I noticed this week, by the way, that there are multiple ostensibly non-partisan websites dedicated to “fact-checking” politicians.  Some of the best-known are and  This is an age in which trust of big institutions, particularly government, is frightfully low, and I suppose that it is a credit to the strength of our democracy that such sites are there to help us sort out fact from fiction in political speech.  

However, doesn’t the very existence of these sites suggest a problem?  Call me naive if you will, but shouldn’t truth be the same regardless of which side of the aisle you are seated, and not molded to some politically-expedient variant on reality? Once again, thank God for our free press.  

Returning to Rabbi Kanarek and democracy, she points to an argument in the Mishnah for free speech.  We also read this morning that the Torah mandates the death sentence for one who does not follow the ruling of kohanic judges (Deut. 17:12-13, p. 1092).  The Mishnah (Sanhedrin 11:2-4) follows this by stating that a zaken mamre, a rebellious elder, should be executed ONLY if he teaches people to act contrary to the court’s rulings.  However, if the zaken mamre makes it clear that he is only stating personal opinion in opposition to the court, and does not encourage others to violate the law, then he is not punished.

Hence we can understand the Mishnah as implying that free speech is permitted as long as it does not lead to illegal action, and so while I shudder to think that politicians such as Mr. Akin can say grossly incorrect statements in public, we must defend his right to do so, and take him to task as necessary, and this is precisely what took place this week.

I have brought these items to your attention not only because we need to know about them, but because we need to be vigilant; as Jews, our tradition mandates that we uphold the principles of democracy.  Rabbi Kanarek’s chapter also addresses issues surrounding separation of church and state, freedom of the press, freedom of assembly, and equal protection under law, all of which can be construed from the Jewish bookshelf.  Democracy, which may be seen as flowing from the principles of justice, requires continual pursuit on multiple levels, and as such we must work hard to protect these principles with zeal.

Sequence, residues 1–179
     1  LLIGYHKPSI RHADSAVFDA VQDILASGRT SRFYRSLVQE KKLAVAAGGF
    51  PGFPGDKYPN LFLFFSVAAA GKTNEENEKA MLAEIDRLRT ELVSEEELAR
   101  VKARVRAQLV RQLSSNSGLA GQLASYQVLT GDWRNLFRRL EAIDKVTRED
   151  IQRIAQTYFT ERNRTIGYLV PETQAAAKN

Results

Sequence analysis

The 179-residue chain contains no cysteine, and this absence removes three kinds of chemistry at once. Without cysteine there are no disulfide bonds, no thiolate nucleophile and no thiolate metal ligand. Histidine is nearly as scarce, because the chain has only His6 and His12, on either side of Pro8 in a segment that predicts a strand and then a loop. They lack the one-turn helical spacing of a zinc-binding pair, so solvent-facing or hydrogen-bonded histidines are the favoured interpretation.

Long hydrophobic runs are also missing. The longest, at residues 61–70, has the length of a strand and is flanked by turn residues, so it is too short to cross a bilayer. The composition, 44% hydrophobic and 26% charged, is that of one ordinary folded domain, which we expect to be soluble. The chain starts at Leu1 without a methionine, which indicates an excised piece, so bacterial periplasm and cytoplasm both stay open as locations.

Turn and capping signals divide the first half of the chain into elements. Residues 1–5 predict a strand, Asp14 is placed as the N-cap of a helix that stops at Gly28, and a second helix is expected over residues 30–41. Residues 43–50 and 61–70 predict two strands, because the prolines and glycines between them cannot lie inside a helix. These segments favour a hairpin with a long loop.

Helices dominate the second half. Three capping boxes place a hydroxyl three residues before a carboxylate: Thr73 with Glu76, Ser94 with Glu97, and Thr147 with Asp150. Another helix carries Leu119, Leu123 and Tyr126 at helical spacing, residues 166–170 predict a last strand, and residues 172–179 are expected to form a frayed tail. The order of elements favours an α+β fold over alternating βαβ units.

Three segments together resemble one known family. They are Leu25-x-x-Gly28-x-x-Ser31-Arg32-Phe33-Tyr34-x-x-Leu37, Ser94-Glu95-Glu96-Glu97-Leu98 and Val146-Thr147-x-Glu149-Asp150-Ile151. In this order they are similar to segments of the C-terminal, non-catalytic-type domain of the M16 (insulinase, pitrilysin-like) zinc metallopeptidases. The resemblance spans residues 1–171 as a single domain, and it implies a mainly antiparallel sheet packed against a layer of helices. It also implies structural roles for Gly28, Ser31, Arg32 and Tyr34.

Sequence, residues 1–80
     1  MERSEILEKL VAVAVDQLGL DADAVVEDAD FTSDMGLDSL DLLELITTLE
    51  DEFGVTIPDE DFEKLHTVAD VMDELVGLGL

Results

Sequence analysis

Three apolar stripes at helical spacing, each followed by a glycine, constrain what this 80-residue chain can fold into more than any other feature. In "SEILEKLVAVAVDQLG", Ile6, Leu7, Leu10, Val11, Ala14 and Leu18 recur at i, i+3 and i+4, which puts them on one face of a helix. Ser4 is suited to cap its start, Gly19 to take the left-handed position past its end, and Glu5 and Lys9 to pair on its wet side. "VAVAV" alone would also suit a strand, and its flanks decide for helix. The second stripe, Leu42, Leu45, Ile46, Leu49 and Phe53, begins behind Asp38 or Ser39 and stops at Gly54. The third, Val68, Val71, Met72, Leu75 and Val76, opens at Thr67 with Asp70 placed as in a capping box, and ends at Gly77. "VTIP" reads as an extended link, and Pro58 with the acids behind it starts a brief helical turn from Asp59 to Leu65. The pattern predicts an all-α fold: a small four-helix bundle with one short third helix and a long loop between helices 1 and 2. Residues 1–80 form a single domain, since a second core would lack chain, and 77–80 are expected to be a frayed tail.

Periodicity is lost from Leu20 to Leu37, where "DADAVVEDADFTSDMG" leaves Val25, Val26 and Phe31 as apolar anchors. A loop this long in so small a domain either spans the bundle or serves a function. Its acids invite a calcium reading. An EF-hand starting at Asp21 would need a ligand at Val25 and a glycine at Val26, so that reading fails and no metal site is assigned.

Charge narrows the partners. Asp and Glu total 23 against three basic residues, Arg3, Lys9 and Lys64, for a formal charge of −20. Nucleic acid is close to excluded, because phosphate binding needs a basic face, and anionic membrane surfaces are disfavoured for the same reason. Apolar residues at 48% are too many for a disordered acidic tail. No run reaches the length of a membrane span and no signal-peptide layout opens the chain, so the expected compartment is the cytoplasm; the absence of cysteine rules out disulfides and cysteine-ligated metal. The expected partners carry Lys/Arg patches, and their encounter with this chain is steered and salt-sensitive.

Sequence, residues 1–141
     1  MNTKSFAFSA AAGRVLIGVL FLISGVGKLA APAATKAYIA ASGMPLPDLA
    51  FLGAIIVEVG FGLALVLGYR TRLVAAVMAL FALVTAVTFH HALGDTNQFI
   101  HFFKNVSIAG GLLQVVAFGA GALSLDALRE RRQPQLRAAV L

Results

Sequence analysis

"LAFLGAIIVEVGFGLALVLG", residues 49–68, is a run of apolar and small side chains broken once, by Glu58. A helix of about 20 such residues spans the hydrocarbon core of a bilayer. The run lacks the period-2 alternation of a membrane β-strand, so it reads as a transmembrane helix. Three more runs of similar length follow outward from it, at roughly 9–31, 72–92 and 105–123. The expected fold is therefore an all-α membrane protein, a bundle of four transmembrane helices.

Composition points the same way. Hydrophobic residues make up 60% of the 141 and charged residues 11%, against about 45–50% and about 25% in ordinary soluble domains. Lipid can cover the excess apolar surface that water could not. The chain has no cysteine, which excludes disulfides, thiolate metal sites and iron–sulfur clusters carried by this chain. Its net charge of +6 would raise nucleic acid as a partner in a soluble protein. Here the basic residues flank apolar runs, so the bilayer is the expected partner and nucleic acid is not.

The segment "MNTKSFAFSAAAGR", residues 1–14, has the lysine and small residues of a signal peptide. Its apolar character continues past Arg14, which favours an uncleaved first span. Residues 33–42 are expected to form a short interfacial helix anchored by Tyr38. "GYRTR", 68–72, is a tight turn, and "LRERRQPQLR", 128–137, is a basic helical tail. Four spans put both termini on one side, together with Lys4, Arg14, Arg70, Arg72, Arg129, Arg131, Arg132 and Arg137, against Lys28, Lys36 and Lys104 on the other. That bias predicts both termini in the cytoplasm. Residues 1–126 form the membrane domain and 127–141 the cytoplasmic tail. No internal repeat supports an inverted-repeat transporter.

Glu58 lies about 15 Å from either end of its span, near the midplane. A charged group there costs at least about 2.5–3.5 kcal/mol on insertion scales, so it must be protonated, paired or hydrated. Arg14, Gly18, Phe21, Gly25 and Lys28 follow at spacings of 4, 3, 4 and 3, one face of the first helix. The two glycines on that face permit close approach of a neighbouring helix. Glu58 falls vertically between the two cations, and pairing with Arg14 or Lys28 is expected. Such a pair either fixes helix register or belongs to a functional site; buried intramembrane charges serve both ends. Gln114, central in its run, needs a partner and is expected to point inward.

President George Washington, in his thank-you letter to the Jewish community in Newport, Rhode Island following his visit there in 1790, spoke not only of the freedom and tolerance engendered by American democracy, but perhaps gave a knowing wink at the Jewish role in helping to shape democracy.  He wrote:
“The Citizens of the United States of America have a right to applaud themselves for having given to mankind examples of an enlarged and liberal policy: a policy worthy of imitation. All possess alike liberty of conscience and immunities of citizenship. It is now no more that toleration is spoken of, as if it was by the indulgence of one class of people, that another enjoyed the exercise of their inherent natural rights. For happily the Government of the United States, which gives to bigotry no sanction, to persecution no assistance requires only that they who live under its protection should demean themselves as good citizens, in giving it on all occasions their effectual support.”

Let us hope that such tolerance, as supported by the other principles of democracy and justice indicated by Rabbi Kanarek in her chapter in The Observant Life, continues to flourish here and abroad.  Meanwhile, enjoy the political spectacle of the coming weeks, and buy the book.

Shabbat shalom.

Rabbi Seth Adelson

(Originally delivered at Temple Israel of Great Neck, Shabbat morning, August 25, 2012.)

Thursday, August 23, 2012

Focus On The Soul: Put On Your Elul Glasses

Looking around the chapel this morning at shaharit / the morning service, I noticed that ten of the eleven people present were wearing eyeglasses.  A simple technology that has been in use for hundreds of years, glasses perform an amazing feat: they bring what is not clear into focus.